The endangered whio, or blue duck, is thriving in mountain waterways in Hawke's Bay, a survey has shown.
The Department of Conservation (DOC) census in January found 18 breeding pairs along 33km of waterway bordering the Forest Lifeforce Restoration (FLR) Trust's Maungataniwha Native Forest.
This year's survey also found 32 juveniles along the same stretch of water.
The result was not significantly different from the census three years previously, which found 19 breeding pairs along 41km of river, and 29 juveniles.
DOC biodiversity ranger Helen Jonas said the finding shows the outlook for the whio in this part of New Zealand remains encouraging.
The 2011 survey used a dog to sniff out ducks, which this year's did not, and a dog may have found more whio, Ms Jonas said.
The FLR Trust's work with whio at Maungataniwha is funded by Genesis Energy as part of the Whio Forever project - a five year $2.5 million dollar programme, managed by DOC, which will double the number of secure breeding sites around the country.
The Maungataniwha was classified under the project as a recovery site, which means it receives some form of pest control. Higher-priority breeding areas are classified as security sites.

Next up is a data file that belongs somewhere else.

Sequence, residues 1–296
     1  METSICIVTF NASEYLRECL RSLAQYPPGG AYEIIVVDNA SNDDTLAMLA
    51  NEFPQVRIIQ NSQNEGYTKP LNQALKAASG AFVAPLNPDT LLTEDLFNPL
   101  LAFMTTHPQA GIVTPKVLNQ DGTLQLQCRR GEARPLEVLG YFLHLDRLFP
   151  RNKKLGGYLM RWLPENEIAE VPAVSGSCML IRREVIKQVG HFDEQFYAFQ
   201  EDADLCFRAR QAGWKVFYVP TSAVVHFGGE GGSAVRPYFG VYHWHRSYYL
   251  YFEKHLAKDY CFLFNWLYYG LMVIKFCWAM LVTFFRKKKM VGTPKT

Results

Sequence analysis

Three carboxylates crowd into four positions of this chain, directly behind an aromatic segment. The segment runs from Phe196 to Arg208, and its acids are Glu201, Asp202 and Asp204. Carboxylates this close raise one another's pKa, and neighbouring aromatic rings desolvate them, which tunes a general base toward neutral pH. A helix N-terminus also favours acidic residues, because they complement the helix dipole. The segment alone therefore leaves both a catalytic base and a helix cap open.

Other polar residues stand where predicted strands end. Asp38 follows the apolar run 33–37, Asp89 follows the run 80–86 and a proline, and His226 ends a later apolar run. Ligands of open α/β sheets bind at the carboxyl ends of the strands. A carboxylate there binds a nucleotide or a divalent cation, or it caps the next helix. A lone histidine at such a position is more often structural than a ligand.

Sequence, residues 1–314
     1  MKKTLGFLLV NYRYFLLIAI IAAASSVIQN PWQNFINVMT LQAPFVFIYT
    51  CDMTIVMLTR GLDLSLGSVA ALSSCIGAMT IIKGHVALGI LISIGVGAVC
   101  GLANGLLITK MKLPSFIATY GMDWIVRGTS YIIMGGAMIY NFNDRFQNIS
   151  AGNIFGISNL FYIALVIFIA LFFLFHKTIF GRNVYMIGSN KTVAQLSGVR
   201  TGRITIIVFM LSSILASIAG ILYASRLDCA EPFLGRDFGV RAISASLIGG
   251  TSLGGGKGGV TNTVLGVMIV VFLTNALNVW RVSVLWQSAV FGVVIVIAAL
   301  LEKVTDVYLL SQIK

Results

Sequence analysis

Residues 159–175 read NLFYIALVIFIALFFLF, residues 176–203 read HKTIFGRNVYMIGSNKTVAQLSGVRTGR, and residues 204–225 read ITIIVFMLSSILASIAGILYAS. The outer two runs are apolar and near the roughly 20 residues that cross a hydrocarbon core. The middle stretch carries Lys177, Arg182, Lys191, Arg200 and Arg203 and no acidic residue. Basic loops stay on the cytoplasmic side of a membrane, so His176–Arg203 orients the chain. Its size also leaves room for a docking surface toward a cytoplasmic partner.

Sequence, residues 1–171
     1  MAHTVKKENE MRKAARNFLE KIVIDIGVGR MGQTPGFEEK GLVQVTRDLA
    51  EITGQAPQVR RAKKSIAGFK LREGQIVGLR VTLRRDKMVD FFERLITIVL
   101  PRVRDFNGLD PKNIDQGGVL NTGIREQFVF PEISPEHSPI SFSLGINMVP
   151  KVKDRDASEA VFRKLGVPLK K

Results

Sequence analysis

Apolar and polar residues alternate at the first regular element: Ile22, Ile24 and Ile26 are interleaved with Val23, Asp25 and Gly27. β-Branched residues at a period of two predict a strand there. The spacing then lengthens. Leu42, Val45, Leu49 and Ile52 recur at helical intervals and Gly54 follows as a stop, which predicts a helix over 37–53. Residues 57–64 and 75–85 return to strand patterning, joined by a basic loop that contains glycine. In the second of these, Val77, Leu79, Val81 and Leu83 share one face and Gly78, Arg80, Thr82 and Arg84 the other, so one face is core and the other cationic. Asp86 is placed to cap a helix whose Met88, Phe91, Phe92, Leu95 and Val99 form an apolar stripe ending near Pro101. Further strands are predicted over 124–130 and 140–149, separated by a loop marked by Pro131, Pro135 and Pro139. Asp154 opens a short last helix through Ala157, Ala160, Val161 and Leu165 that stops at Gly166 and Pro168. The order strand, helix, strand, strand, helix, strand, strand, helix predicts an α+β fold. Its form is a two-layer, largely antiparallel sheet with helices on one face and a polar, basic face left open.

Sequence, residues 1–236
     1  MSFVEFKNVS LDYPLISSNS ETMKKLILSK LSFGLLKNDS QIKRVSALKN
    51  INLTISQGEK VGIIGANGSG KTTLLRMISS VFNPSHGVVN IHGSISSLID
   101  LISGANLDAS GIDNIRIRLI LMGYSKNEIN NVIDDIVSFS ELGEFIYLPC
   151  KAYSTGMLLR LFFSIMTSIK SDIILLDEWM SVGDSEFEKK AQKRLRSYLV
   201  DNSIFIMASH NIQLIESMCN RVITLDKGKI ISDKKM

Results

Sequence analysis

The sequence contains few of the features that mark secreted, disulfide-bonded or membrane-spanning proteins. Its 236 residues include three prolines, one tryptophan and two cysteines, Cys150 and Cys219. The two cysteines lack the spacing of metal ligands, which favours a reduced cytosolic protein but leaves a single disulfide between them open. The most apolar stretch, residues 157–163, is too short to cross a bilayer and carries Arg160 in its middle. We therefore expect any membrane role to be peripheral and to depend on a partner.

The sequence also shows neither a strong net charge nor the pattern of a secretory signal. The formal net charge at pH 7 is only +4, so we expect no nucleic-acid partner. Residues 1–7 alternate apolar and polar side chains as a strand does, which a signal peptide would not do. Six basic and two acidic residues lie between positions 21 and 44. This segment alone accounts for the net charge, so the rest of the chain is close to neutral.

The area has double the density of whio of other recovery sites, and similar results have been duplicated in informal counts elsewhere in the forest.
This indicates substantial populations are likely to exist across the southern Whirinaki and Te Urewera ranges, said Maungataniwha estate manager Pete Shaw.
"We're hoping these results indicate at least a partial plateau in the decline of whio across inland Hawke's Bay," he said.
"To get similar numbers from two surveys, conducted three years apart, is immensely encouraging."
The survey consisted of walking in or alongside rivers and streams, crisscrossing them and, in some cases rafting or tubing them, to look and listen for The Forest Lifeforce Restoration Trust was established in 2006 to provide direction and funding for the restoration of threatened species of fauna and flora in native forests within the Central North Island.